Latest climate crisis fueled disasters
Wildfires send California into a state of emergency
“It’s been an apocalyptic few days, even by California standards.” – Julia Wick
As if the historic heatwave, rolling blackouts for hundreds of thousands (because of the heatwave), and the ongoing pandemic weren’t enough, California was hit by a blitz of nearly 11,000 lightning strikes in a 72 hour period this week. This sparked most of the 360+ wildfires currently raging across the state, burning more than 500,000 acres of land so far…some of these fires are so hot they actually create their own weather in the form of fire tornadoes.
As Cal Fire chief Mark Brunton put it, these are “burning conditions that are unprecedented and unseen by veteran firefighters.”
At least five people have died so far. Tens of thousands of people have been forced to evacuate their homes (at least). Tens of thousands of buildings are at risk of burning down. The fires aren’t even close to contained. Firefighters are stretched thin.
And millions of people are breathing the more-toxic-than-usual air due to extreme heat and the smoke traveling hundreds of miles (Northern California had the most toxic air in the world the other day).
Cal Fire announced: “Residents have to have their bags packed up with your nose facing out your driveway so you can leave quickly. Everybody should be ready to go, especially if you’re in a wildfire area.”
As scary as it is in California right now, it has just 1/3 of the US’s large wildfires. Colorado, Alaska, Arizona, and others have a lot too as much of the Western US has been in record-breaking heat.
(NOAA satellite image on 8/20/2020. There’s a 1,200-mile trail of smoke going that extends over the ocean.)
A NOAA smoke model predicts smoke over half of the entire USA and beyond by Saturday.
Extreme rainy season has killed 1,300+ people and displaced 15 million+ so far in India, Bangladesh, and Nepal
This record-breaking monsoon season is wreaking havoc in South Asia.
“This is always a season marked by monsoon rains in India and the wider region, but the rainfall total for August has already been 15% above the typical level, nationally. Some southern states have seen rainfall 70% above the normal levels…Over 1.1 million acres of crops have been damaged in four states, according to government data.” – Arshad R. Zargar
Dharna Noor has a particularly powerful article on this, “The climate disasters we ignore today will eventually come for us”.
I first learned of this only last week when I saw this viral video on Twitter of two men being saved while cascading down a street-turned-white-water-rapids. And the eye-popping stat that 40% of Bangladesh is now underwater.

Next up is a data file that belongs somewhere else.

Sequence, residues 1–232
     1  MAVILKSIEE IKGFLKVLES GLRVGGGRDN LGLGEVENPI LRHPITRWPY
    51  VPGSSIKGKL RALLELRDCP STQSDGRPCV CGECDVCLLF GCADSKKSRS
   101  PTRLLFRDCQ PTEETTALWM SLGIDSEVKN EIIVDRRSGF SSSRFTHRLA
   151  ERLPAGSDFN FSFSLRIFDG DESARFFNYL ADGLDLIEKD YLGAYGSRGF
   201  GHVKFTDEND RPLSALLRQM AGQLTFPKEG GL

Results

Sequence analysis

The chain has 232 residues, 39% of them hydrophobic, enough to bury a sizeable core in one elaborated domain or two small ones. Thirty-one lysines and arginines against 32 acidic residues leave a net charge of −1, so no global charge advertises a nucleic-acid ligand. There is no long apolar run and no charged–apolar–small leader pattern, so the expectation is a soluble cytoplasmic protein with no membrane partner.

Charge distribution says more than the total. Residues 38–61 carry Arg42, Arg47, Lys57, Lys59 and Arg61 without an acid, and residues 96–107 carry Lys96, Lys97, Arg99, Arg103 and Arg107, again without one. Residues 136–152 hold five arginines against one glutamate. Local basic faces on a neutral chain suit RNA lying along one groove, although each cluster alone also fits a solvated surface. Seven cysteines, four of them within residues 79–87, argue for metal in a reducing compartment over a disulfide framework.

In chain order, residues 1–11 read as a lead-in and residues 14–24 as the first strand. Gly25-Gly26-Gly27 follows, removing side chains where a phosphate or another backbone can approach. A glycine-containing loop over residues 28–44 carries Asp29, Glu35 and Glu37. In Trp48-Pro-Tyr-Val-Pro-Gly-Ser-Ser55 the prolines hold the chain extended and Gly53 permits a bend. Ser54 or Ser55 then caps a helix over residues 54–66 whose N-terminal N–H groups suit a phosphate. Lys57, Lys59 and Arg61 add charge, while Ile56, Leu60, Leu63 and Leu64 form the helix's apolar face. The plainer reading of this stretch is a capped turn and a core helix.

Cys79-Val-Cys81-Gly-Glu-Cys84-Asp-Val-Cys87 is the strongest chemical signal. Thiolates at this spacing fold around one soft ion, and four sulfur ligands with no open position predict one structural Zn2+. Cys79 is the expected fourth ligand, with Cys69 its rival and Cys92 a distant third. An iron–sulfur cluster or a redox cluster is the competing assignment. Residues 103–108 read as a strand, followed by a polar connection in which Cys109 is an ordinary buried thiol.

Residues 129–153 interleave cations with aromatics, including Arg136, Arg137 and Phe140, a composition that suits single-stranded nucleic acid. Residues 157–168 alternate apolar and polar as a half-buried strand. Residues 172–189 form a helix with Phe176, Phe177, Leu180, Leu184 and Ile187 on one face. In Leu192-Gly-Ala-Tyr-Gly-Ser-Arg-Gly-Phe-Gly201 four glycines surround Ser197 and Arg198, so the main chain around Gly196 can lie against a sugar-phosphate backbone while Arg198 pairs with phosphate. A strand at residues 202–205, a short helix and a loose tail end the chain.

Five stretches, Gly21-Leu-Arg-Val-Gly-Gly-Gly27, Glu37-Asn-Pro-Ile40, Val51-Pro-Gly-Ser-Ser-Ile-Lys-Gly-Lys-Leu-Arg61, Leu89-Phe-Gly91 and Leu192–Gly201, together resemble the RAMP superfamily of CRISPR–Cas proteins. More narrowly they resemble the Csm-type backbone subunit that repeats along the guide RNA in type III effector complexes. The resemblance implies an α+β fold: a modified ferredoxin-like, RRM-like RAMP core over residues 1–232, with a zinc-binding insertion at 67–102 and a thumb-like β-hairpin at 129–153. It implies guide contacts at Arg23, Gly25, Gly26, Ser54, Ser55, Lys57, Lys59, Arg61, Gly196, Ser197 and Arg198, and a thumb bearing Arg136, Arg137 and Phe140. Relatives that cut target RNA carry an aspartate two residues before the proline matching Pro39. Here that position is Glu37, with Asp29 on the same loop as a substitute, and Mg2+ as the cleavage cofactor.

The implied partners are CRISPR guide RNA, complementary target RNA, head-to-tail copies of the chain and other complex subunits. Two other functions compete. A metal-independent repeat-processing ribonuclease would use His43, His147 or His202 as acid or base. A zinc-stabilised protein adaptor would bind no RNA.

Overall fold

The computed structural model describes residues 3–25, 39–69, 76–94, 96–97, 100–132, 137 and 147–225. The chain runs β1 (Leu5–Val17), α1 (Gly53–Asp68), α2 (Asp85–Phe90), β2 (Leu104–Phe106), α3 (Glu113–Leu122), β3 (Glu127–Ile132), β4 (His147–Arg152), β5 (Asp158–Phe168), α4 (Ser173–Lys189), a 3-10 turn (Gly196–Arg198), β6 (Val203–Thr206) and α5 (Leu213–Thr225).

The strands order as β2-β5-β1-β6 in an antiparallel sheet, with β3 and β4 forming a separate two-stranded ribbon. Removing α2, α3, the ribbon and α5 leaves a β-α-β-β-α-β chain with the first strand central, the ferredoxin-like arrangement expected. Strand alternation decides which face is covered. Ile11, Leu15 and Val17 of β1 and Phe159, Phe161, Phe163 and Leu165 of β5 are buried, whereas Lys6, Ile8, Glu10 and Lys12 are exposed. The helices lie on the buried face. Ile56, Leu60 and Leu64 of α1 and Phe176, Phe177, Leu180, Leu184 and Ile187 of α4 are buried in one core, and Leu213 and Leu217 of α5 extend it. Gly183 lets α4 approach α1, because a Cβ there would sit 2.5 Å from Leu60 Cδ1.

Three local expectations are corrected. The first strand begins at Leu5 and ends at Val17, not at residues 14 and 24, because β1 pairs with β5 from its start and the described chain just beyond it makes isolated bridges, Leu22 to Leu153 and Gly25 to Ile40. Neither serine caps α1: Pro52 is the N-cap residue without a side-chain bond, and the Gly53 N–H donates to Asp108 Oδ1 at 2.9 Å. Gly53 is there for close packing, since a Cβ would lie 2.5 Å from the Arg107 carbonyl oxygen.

— CNNNews18 (@CNNnews18) August 14, 2020
As Dharna puts it:
“Hundreds of thousands of homes have been destroyed, including entire villages. In a just world, this would be major news…”
Iowa was just flattened by a derecho
Yeah, I hadn’t heard of a derecho before either. They’re somewhat rare.
On August 10th and 11th, a straight-line wind-storm bull-dozed its way through 700 miles of Midwestern states over the course of 14 hours. The derecho killed four people and likely caused billions in damage as homes, crops, commercial buildings, cars, infrastructure, and trees were battered.
Winds averaged over 60 mph, gusting up to an estimated 140 mph. Overall, it was the equivalent of a level-two hurricane…that nobody saw coming.
Ten states were impacted but it looks like Iowa was one of the worst-hit.
“The storm was the equivalent of a 40-mile wide tornado that rolled over 100 miles of the state” – Dusky Terry
The derecho tore through nearly half of the entire state (14 million acres), impacting about 66% of the corn and soybeans planted in 2020.
I think it’s hard to imagine what any of these events are actually like unless you experience it for yourself. But to paint the picture a bit better, here’s how local photographer Ben Kaplan described the aftermath in Cedar Rapids, IA in an article on Medium:
“Generators are sold out. Many gas stations sold out of gas. Cell service and LTE is spotty or nonexistent. You can’t call 911. The city has implemented a curfew from 10 p.m. to 6 a.m. There are no lights in the city. You can see the milky way from downtown…There is no trash pickup. There are one hundred thousand fridges of rotting food. There are raccoons. There is no escape from the heat, except to run out of town to look for basic supplies in an air-conditioned car. Downtown, bricks and glass litter the sidewalks. Plate glass windows shattered during the storm. Many businesses have been physically destroyed. All restaurants lost all of their perishables. Factories are closed. Offices are closed. The economy — the whole thing — is stopped.”